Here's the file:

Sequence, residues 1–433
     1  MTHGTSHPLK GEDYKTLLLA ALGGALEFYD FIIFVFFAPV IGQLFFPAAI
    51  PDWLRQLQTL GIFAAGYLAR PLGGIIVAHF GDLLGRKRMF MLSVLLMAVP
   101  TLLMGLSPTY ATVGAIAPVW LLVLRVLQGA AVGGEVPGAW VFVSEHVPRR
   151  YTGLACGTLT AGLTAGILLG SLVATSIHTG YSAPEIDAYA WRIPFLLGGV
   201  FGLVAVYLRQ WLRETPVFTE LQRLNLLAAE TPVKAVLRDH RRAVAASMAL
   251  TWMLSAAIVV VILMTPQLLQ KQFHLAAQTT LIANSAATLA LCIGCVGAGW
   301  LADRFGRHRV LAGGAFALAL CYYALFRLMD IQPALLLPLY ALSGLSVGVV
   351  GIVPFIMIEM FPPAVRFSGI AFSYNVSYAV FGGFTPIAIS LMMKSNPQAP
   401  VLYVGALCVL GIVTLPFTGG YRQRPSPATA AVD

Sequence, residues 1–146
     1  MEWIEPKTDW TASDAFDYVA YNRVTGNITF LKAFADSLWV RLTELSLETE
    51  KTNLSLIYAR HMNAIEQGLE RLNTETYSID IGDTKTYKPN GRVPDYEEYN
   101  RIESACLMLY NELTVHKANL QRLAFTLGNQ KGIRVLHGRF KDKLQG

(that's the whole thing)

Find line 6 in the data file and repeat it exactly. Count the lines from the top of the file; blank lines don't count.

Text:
   201  FGLVAVYLRQ WLRETPVFTE LQRLNLLAAE TPVKAVLRDH RRAVAASMAL